It Happened at Nightmare Inn (Spanish, 1973): Read the reviews before booking!

I hope this Nightmare Inn place is as nice as it looks in the brochure...

I hope this Nightmare Inn place is as nice as it looks in the brochure…

The setting and tone of this movie reminded me a bit of Hitchcock’s Psycho (1960); it also has some elements in common with a pair of later films – Carrie (1976) and Misery (1990) – both based on Stephen King novels. Though British actress Judy Geeson received top billing, It Happened at Nightmare Inn is really the story of Marta and Veronica, two middle-aged sisters who run a hotel (more subtly named The Two Sisters) in a small Spanish village. They are respected members of the local community, leading almost monastic lives. However, the sisters each conceal a dark secret that will lead them down a shared path toward insanity and murder…

This film has so much potential. The setting is beautiful, the acting is pretty good, and the premise – a generational conflict aggravated by changing moral standards – is both compelling and relevant for the time. However, the version I viewed might as well be titled What Happened at Nightmare Inn? Almost 15 minutes have been cut from the original European release (titled A Candle for the Devil) to remove most instances of nudity, sex, and violence. Unfortunately, those 15 minutes also contained significant plot points that explained the motivations of the main characters. It didn’t help matters that the audio on my copy is fairly low volume overall, and much of the dialog is muffled. I found it difficult to keep up with what was happening.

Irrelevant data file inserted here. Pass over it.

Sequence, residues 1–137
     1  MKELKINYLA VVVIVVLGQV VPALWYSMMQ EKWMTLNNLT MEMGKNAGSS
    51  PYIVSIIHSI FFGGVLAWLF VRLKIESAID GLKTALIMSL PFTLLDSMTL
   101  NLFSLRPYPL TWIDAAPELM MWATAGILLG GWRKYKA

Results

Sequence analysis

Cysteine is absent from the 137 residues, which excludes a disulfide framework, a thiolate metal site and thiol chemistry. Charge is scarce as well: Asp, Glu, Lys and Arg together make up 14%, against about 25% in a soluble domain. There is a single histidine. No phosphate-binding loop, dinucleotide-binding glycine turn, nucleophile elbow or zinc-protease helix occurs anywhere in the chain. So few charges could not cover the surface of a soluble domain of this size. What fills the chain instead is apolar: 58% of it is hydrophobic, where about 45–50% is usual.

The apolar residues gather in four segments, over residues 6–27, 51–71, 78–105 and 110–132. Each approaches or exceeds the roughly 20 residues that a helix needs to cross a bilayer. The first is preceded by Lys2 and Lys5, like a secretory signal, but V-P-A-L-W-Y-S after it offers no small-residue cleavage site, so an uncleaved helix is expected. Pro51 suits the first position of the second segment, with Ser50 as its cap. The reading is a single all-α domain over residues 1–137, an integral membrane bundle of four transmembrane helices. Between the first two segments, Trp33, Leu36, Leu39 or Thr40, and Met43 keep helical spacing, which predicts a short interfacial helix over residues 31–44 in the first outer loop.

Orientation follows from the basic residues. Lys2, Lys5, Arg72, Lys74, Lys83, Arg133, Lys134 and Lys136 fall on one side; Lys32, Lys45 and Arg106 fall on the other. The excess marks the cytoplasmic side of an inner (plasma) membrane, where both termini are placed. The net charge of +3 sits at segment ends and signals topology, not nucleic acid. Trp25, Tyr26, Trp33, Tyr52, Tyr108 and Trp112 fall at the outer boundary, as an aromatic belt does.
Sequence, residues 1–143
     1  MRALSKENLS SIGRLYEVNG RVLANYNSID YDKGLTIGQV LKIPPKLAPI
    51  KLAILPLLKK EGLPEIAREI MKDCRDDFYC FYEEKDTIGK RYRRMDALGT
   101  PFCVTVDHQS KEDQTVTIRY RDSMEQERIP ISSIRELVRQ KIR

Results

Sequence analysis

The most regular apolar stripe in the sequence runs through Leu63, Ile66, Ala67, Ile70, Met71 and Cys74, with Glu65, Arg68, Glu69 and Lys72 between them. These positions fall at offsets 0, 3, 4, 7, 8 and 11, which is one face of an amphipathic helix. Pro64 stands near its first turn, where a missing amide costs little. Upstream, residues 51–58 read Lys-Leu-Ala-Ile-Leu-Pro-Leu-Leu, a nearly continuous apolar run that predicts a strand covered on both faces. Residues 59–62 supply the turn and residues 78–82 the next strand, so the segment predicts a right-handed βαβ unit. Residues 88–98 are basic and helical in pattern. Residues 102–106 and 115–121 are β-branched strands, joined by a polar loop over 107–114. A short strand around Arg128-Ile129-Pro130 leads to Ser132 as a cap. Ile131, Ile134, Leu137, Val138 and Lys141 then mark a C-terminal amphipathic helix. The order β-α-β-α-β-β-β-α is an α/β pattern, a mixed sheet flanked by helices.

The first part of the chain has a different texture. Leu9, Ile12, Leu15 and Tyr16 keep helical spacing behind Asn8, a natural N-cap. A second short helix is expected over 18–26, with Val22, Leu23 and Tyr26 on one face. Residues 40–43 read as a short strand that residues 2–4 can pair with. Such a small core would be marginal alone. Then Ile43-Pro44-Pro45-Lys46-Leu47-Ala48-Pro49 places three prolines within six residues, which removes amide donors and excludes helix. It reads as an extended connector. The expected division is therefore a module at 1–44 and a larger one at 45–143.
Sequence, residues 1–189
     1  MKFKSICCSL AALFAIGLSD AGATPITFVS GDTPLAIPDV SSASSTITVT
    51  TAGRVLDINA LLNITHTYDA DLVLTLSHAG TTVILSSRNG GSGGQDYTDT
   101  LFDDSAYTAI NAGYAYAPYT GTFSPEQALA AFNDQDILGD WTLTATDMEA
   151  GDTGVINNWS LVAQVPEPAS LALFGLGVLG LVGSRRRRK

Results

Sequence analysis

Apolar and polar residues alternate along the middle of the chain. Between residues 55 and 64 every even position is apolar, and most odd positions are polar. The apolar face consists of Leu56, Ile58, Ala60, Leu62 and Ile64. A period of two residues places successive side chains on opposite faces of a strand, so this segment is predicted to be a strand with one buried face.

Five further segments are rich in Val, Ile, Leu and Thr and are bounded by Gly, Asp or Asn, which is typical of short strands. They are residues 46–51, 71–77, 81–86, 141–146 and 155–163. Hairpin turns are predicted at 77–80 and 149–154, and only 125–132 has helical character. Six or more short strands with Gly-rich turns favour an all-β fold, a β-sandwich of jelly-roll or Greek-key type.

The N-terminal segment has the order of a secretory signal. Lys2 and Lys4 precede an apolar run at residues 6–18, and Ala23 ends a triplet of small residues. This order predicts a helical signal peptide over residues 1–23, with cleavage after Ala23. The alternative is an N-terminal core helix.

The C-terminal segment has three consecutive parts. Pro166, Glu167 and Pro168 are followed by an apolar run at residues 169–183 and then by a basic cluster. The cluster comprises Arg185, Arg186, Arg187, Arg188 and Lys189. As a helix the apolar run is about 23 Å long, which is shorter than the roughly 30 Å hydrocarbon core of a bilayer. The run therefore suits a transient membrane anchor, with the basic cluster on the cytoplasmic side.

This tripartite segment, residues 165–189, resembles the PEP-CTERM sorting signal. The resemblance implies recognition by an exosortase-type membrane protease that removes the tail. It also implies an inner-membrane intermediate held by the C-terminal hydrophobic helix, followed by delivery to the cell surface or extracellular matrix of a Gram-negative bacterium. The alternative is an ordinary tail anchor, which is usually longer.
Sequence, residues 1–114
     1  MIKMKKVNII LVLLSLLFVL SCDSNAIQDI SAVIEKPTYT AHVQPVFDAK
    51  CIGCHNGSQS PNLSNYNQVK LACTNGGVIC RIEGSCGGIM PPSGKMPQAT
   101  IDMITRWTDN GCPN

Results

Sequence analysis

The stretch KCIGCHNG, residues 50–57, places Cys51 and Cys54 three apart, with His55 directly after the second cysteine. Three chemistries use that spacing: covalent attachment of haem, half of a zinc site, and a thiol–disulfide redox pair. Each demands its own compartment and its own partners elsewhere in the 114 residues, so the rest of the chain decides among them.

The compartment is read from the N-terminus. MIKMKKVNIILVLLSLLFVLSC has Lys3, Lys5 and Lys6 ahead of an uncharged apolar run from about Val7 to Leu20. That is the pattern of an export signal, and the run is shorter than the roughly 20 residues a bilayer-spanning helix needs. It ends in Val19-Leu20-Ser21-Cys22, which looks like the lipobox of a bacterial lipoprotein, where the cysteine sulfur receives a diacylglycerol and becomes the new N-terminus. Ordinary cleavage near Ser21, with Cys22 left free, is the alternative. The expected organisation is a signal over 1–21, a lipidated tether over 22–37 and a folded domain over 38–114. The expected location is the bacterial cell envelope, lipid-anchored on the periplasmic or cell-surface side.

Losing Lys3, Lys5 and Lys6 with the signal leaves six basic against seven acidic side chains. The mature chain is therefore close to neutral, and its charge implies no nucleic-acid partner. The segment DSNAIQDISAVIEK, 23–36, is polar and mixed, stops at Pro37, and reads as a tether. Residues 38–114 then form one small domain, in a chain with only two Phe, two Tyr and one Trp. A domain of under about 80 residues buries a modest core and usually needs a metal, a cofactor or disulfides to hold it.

Memorable visuals: Visually, It Happened at Nightmare Inn is very subtle. Still, Marta and Veronica have a couple great food-preparation scenes in the kitchen during the movie, culminating in a singularly unforgettable sight about five minutes before the credits roll. Judy Geeson’s character takes a break from the action to make photographs at the local museum about half way through the film; the amateur art historian in me was amused to spot Caravaggio’s Medusa among her subjects, even though the painting definitely isn’t in Spain!

Horror cred: Though I found the film enjoyable, it wasn’t very scary, nor was it particularly gory. It’s more of a thriller, though the confusion caused by missing scenes does much to undermine the suspense.

Is it worth 39¢: In this bowdlerized form – barely. I suspect the uncut version is well worth seeking out instead. If you do find yourself watching It Happened at Nightmare Inn, this website will fill in some of the blanks for you.

Find it here: It Happened at Nightmare Inn is available from multiple distributors on DVD. I got it as part of the Pure Terror 50-movie set.

It’s on YouTube as well.

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